Mr. Antonis Papadimitriou, president of the Onassis Foundation, Mr Michalis Liapis, Minister of Culture, and Mrs. Marina Lambraki Plaka, Director of  the National Gallery, who presents the works of art to the President of the Hellenic Republic, Mr. Karolos Papoulias, during the opening of the exhibition in Athens in December 2007
Mr. Antonis Papadimitriou, president of the Onassis Foundation, Mr Michalis Liapis, Minister of Culture, and Mrs. Marina Lambraki Plaka, Director of the National Gallery, who presents the works of art to the President of the Hellenic Republic, Mr. Karolos Papoulias, during the opening of the exhibition in Athens in December 2007

As Antonis Papadimitriou said in his speech, "the exhibition offers an intuitive answer to the obstacles hindering Greece to approach the Chinese civilization; a civilization which is equally old, if not older, so close and yet so far away." "The paintings of select ‘classical’ contemporary Greek painters that were exhibited reflect a view of the future and a glimpse of the past. The apparent simplicity of their inspiration approaching these two time extremes […] offers contemporary man, who has experienced globalization and has been exposed to the conflicting and contrasting trends of our time, a fixed point of reference. "Just like the Parthenon, which in its ideal shape remains everlasting as it gazes at the centuries passing by, the ancient Greek culture remains firm upholding the rules ordaining the present and reminding us of the miracle of Democracy and that great Art can only be created by free people," concluded the President of the foundation.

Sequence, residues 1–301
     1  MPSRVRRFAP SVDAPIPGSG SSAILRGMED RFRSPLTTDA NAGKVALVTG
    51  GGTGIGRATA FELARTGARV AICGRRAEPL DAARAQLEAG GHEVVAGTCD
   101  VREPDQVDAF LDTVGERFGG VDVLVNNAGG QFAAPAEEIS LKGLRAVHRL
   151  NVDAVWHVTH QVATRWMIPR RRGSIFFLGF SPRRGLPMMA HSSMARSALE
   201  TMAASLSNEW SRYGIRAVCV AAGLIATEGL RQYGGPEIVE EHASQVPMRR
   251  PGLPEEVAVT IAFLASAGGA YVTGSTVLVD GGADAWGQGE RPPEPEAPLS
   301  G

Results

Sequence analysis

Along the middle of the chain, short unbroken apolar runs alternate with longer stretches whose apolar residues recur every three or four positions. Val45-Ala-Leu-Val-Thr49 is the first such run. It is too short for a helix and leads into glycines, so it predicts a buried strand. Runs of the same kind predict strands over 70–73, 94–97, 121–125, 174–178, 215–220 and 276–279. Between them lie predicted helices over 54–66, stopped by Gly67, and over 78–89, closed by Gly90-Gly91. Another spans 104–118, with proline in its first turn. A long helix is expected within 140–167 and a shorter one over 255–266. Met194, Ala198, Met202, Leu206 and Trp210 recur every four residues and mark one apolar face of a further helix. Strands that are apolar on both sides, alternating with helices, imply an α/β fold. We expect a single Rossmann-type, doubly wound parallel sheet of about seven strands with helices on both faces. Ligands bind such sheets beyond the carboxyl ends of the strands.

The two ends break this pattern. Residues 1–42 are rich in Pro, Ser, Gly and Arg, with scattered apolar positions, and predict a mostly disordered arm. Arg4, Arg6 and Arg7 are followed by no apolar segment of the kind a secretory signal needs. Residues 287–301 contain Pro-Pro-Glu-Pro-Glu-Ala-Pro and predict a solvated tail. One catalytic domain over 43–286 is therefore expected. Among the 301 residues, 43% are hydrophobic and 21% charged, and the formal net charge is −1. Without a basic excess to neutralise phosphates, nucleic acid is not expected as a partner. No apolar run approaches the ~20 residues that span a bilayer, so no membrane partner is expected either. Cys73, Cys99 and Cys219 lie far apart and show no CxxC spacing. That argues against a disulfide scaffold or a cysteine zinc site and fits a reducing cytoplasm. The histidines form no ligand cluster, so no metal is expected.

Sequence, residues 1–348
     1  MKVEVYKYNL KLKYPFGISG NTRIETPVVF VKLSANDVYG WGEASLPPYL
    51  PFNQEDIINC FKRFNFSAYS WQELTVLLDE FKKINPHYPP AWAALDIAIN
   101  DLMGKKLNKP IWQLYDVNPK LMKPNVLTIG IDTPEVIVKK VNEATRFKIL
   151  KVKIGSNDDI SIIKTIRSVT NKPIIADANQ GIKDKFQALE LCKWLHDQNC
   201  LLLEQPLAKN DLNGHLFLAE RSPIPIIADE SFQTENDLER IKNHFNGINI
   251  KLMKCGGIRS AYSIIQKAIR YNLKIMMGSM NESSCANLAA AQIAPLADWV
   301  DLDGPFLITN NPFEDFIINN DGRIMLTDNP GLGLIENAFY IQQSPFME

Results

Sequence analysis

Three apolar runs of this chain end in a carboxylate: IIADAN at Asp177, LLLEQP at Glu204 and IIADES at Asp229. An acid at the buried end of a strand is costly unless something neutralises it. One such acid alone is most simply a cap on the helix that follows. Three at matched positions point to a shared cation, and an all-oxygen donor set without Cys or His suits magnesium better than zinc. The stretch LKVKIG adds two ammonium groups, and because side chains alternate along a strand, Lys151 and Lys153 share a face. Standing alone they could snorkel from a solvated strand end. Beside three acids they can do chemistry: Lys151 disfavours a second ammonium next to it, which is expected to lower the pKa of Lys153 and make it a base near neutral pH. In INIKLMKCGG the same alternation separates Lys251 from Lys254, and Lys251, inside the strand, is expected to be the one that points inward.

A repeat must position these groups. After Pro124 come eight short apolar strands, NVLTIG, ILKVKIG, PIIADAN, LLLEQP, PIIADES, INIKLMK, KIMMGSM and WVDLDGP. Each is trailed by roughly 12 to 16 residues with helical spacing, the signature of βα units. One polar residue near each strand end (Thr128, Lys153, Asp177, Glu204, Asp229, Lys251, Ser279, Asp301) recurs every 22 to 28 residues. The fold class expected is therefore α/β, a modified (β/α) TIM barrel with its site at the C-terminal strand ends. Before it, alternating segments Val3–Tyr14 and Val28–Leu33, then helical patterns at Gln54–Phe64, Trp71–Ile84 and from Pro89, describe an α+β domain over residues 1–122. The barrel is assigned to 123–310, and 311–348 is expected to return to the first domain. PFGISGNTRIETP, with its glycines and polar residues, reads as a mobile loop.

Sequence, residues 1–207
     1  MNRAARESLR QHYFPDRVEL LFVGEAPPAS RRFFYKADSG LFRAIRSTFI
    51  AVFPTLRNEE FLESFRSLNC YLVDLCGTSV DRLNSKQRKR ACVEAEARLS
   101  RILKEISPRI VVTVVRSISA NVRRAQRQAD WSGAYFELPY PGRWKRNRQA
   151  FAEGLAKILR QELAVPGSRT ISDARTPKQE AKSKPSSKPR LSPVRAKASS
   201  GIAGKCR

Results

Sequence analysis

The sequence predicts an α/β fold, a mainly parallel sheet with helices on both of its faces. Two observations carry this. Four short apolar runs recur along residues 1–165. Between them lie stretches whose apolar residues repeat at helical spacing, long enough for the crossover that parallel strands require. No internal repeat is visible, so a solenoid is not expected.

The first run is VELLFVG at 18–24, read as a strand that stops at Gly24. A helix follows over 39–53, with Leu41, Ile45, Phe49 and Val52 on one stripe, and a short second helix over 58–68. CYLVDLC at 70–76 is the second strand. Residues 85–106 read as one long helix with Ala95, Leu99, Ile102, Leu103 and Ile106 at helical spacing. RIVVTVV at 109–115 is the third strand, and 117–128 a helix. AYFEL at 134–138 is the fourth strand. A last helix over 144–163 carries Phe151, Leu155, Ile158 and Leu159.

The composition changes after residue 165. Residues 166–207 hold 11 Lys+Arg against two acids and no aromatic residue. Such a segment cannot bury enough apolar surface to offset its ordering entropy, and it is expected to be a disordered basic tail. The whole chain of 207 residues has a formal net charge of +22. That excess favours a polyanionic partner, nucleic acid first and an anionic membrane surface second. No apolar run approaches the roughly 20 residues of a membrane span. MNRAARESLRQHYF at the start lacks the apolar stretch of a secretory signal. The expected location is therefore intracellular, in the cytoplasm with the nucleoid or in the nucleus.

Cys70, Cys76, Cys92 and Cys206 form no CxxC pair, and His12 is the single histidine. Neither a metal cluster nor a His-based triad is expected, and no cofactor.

As pointed out by the Minister of Culture during the inaugural ceremony, "the exhibition of Classical Memories in Modern Greek Art has given Chinese friends of Greece the opportunity to learn some of the most prominent Greek artists of the 20th century [...] The gold-bearing heritage of ancient art has constituted a challenge for contemporary Greek artists, enchanting but at the same time disheartening and daunting [...] It is therefore intriguing to see when contemporary Greek artists overcame their hesitations and engaged in discourse with the classical world and its mesmerizing myths, as well as how they have been portrayed in their works through the refraction of contemporary sensitivity. This exhibition has attempted to answer this question. And it is an answer replete with surprises," concluded Michalis Liapis.